Comparison of Specialty Distribution of Nurse Practitioners and Physician Assistants in North Carolina, 1997-2013

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May 1, 2015

Perri Morgan, PhD, PA-C; Anna Johnson, PhD, MSPH; Erin Fraher, PhD, MPP

Presentation at the 2015 AAMC Health Workforce Research Conference

 

Overview

  • Expected increase in demand for healthcare services in the US
  • Physician supply may not be adequate to meet demand under traditional models of care
  • NPs and PAs might help fill service gaps in primary and specialty care, but estimates of this potential vary
  • Analyzed licensure data from the NC Health Professions Data System
  • Large growth in both professions led to larger numbers of NPs and PAs in most specialties
  • Specialty distributions changed over time for both NPs and PAs
  • NP proportions increased in medical subspecialties and decreased in pediatrics and Ob/Gyn
  • PA proportions decreased in primary care, increased in medical subspecialties, and were high in urgent care in 2013
  • What affects specialty distribution:
    • Supply: factors affecting individual provider specialty choice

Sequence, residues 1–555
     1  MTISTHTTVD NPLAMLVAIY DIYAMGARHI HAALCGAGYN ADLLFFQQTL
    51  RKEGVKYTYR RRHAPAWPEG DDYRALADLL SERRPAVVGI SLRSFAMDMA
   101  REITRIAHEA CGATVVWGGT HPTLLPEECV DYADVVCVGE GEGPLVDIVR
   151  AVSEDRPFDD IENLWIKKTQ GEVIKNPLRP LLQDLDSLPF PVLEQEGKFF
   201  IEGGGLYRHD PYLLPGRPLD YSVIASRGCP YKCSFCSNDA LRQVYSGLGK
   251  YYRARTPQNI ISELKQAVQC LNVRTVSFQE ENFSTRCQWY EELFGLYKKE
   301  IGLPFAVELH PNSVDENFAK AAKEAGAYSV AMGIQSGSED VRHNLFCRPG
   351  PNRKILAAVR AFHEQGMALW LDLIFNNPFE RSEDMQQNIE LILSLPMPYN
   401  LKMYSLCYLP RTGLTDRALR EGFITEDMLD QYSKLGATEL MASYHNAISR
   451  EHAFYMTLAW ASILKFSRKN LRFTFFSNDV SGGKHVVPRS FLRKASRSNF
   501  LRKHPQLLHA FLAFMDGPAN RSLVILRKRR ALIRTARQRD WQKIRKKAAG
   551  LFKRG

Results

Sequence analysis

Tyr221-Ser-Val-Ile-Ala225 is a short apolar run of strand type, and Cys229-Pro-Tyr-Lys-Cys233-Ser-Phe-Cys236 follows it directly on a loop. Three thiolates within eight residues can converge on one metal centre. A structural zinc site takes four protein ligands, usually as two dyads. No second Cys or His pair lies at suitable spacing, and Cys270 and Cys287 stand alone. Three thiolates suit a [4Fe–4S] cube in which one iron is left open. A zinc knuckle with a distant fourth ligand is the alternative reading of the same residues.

• Demand: factors inducing organizations to hire NPs/PA
  • NPs and PAs are a growing and flexible workforce available to meet emerging healthcare needs
  • Important similarities and differences between NPs and PAs should be considered in workforce design
  • Policies designed to affect specialty distribution of NPs and PAs should attend to both supply and demand factors

 

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This work is funded through cooperative agreement U81HP26495, Health Workforce Research Centers, with the National Center for Health Workforce Analysis, Bureau of Health Professions, Health Resources and Services Administration, U.S. Department of Health and Human Services. The content and conclusions are those of the authors and should not be construed as the official position or policy of, nor should any endorsements be inferred by HRSA, HHS or the U.S. Government.